Research Hub > How Cisco Webex Edge Connect & Audio Can Transform Your Meetings

September 18, 2018

3 min

How Cisco Webex Edge Connect & Audio Can Transform Your Meetings

New features in Cisco Webex allow better connectivity for meetings.


The split between on-premises and cloud technologies isn’t new. Ask anyone who’s been in the world of computing for a while, and you’ll hear the topics of today as echoes from the past – think back to client-server or mainframe-and-dumb-terminal in the world of computing, or centrex and off-premises extension in the world of voice (before it became collaboration). Certainly, things are different, but the broad themes were there then and here now – as enterprises adopt cloud technologies, those same enterprises then seek to enhance their connectivity to those (now off-premises) services to ensure users can continue to use them efficiently.

Many of the largest cloud players even offer some form of direct connection service, such as:

  1. AWS Direct Connect
  2. Azure ExpressRoute
  3. Google Cloud Interconnect

These services are often intermediated by a carrier/access partner. Cisco now joins this club, including some collaboration “special sauce,” by introducing two new features for Cisco Webex customers:

  1. Cisco Webex Edge Connect
  2. Cisco Webex Edge Audio

Let’s talk through each of these in turn.

Enter Cisco Webex Edge Connect

Cisco Webex Edge Connect is essentially the same sort of direct peering service one might be familiar with from other major cloud providers. Cisco has partnered with Equinix, offering connection to Webex through Equinix Cloud Exchange (ECX). With Edge Connect, all Webex meeting traffic, including audio, video, presentation and meeting data (for example, roster lists, client functions such as mute control, etc.) flows over a private connection, no longer subject to the vagaries of the public internet.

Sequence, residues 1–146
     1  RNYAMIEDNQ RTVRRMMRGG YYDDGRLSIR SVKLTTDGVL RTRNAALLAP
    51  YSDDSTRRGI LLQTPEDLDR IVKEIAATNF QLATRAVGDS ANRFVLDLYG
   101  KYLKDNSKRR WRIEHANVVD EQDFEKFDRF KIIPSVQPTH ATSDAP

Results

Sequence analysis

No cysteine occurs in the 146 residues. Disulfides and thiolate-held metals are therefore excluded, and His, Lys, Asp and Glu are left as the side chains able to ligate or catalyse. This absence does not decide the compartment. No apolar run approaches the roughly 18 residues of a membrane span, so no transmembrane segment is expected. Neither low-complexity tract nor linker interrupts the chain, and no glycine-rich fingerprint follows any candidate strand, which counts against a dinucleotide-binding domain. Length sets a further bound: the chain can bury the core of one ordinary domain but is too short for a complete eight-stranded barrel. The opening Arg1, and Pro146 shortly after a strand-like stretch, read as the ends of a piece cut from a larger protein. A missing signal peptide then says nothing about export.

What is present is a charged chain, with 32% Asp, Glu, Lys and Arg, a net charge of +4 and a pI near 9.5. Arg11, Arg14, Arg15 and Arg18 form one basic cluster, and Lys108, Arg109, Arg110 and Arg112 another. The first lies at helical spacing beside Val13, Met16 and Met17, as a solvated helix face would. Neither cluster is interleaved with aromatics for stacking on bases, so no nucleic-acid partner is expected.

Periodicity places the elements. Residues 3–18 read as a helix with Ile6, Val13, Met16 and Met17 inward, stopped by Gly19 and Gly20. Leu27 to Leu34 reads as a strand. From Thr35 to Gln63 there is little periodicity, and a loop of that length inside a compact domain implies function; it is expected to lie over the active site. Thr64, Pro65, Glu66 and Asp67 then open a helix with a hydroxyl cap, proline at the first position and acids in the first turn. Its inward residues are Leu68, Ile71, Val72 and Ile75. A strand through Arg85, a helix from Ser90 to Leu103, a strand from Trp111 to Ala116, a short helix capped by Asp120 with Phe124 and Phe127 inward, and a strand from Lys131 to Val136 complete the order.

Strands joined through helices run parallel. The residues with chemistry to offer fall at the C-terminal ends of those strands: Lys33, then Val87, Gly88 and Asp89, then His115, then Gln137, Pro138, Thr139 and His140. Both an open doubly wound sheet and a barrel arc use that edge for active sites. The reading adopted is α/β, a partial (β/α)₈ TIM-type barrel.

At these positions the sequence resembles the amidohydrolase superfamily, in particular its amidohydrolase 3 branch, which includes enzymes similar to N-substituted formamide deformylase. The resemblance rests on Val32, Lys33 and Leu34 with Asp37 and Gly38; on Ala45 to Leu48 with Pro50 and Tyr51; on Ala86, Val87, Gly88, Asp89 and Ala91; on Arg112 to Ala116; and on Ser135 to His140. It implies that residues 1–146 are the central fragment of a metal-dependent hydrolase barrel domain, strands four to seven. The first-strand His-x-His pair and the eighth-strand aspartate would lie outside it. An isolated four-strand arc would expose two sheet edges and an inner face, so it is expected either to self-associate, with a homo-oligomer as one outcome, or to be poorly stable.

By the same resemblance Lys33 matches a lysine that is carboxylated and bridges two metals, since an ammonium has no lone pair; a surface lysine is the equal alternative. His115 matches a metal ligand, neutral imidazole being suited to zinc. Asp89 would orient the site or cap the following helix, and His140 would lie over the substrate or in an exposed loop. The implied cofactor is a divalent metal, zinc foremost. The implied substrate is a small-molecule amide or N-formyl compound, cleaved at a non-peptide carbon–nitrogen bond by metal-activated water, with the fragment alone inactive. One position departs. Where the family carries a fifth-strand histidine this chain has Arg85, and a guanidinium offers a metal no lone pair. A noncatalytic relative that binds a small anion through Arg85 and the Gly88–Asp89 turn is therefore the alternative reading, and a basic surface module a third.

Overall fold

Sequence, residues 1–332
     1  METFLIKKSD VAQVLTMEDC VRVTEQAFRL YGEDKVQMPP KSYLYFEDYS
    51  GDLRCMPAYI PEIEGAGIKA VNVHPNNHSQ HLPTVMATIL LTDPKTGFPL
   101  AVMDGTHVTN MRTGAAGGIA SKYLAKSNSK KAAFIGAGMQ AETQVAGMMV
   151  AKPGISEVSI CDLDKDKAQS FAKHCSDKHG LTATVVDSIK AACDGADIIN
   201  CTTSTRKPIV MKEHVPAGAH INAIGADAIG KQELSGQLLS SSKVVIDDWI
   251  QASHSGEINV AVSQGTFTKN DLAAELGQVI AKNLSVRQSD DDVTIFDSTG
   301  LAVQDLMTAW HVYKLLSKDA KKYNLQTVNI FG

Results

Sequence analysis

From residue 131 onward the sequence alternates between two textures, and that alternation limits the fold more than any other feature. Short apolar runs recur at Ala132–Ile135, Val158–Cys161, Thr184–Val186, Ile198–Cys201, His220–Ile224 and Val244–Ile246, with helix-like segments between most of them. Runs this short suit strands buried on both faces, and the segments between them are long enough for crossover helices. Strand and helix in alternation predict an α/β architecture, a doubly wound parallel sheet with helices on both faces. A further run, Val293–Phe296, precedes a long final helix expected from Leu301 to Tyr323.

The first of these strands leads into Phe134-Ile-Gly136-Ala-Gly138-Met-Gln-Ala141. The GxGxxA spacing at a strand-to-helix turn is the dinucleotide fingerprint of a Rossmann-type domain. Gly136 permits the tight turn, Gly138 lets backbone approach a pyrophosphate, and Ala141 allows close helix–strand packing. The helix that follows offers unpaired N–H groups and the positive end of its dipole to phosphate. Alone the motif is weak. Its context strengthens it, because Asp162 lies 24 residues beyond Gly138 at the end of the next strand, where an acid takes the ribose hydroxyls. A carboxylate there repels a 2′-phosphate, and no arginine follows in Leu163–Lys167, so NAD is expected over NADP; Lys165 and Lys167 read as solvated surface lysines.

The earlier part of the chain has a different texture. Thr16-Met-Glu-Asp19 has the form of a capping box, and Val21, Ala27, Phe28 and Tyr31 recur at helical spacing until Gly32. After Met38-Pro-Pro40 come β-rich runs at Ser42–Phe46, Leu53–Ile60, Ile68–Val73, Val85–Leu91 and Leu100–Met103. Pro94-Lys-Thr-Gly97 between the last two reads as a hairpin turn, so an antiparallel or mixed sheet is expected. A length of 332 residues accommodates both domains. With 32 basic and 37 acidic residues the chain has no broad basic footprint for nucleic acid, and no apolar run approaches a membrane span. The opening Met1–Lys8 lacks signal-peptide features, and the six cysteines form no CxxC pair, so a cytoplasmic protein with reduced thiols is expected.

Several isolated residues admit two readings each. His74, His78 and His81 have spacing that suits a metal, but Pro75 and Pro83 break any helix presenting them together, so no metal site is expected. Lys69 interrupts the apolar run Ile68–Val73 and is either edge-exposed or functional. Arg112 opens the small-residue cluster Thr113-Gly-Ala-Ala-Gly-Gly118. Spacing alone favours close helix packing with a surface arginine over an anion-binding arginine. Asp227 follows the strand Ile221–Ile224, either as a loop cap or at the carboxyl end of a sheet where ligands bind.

The first step is to achieve connectivity to Equinix and ECX at one of their point-of-presence locations worldwide. Given that many enterprises either directly use Equinix for data center or colocation services, or are located in properties that may have an Equinix presence elsewhere in the facility, this may be an easy lift. Enterprises that are not colocated may need to purchase transport from a carrier of choice to reach Equinix (preferably at a location colocated with Webex).

location colocated with Webex

Global locations for Equinix Cloud Exchange (ECX). Note: Cisco Webex service is not available at all ECX points of presence. Image courtesy of Equinix, Inc., unauthorized use not permitted.

Once connectivity is established to an Equinix point of presence offering ECX, enterprises can spin up a virtual circuit to Webex, providing a Layer 2 Ethernet connection to Webex (Equinix does not participate in Layer 3 – they only provide a Layer 2 service).

Equinix provides a Layer 2 Ethernet path between the Enterprise and Webex

Equinix provides a Layer 2 Ethernet path between the Enterprise and Webex. Image copyright CDW, unauthorized use not permitted.

Next, the enterprise establishes Layer 3 connectivity using enterprise-supplied public IP address space and performs Border Gateway Protocol (BGP) peering with Webex using its public Autonomous System (AS) number to exchange routing information, making use of Bidirectional Forwarding (BFD) protocol to allow for fast failover. Webex supports all the usual traffic engineering tools, such as per-theater IPv4 subnet lists, BGP communities and AS path prepending, to give the enterprise fine-grained control of route advertisement, propagation and resulting traffic flows.

The enterprise establishes Layer 3 connectivity to Webex and uses BGP to exchange IP routes

The enterprise establishes Layer 3 connectivity to Webex and uses BGP to exchange IP routes. Image copyright CDW, unauthorized use not permitted.

At this point, the Enterprise’s Webex traffic is flowing across Edge Connect, yielding highly predictable performance and a level of service assurance that one simply cannot achieve over the public internet.